billboards1Coming from a country where we have public service broadcasters and television this comes as a bit of a shock, but it begins to give you an idea about how America is such a commercially driven country. Even subjects that we would probably consider quite ‘taboo’ in the UK are quite liberally advertised in broad daylight on the interstate.

billboards3

Yes, that billboard is indeed advertising the sex industry, and as we traveled through Georgia this was common place, with ‘Adult Superstores’, ‘Massage Parlours’ and ‘Strip Clubs’ being featured on these supersize adverts every few miles.

This certainly made for an entertaining journey, but I am someone who doesn’t particularly like advertising. If I am listening to the radio or watching the TV I want the good content rather than someone trying to sell me something that I don’t want. That’s why I tend to watch TV on demand or pre-recorded – so that I can skip through or avoid adverts altogether. But there is an interesting undertone in the overt advertising of America that shines a light on it’s success. The reason we went to Atlanta was to visit my cousin, an English woman who married an American and now lives there. They now run a successful niche children’s clothing store in Atlanta and are doing very well. Their store is surrounded by other niche stores as well. And if you start to look past the McStarbucks and WaffleKing branded chains that are everywhere in America, you start to realise that there are a huge amount of independent stores that are all doing quite well. Indeed, the billboards lining the interstates are not advertising major chains, they are advertising local and independent businesses. Is such an ‘in your face’ approach to advertising one of the things that allows these businesses to flourish when in the UK the smaller shops and independents are closing down and the highstreets are boarding up?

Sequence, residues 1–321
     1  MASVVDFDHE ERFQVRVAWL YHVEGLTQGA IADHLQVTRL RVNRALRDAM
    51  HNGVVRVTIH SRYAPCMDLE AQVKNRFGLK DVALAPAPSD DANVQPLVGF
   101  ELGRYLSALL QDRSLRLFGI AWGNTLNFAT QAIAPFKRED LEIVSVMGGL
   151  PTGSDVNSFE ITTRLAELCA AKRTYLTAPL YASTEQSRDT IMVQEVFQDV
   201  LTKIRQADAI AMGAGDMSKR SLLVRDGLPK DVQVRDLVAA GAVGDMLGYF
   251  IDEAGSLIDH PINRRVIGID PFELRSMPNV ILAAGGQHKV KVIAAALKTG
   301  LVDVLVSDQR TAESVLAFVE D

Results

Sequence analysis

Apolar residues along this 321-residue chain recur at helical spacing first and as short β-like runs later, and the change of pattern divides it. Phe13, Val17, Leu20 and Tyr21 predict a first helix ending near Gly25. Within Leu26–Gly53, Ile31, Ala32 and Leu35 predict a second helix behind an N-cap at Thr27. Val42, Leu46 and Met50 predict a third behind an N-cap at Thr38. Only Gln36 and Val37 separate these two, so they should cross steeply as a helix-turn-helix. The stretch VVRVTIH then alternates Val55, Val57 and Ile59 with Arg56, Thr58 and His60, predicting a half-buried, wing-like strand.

One thing is quite obvious in America, enterprise is encouraged. Whenever we went into any shop or restaurant we were welcomed enthusiastically and were offered all kinds of help, advice and encouragement (more on this in my next blog). The reputation America has as the land of opportunity is clearly well earned, my cousins experience certainly supports this and I can see why people flock to the US both as tourists and emigration.

To be continued…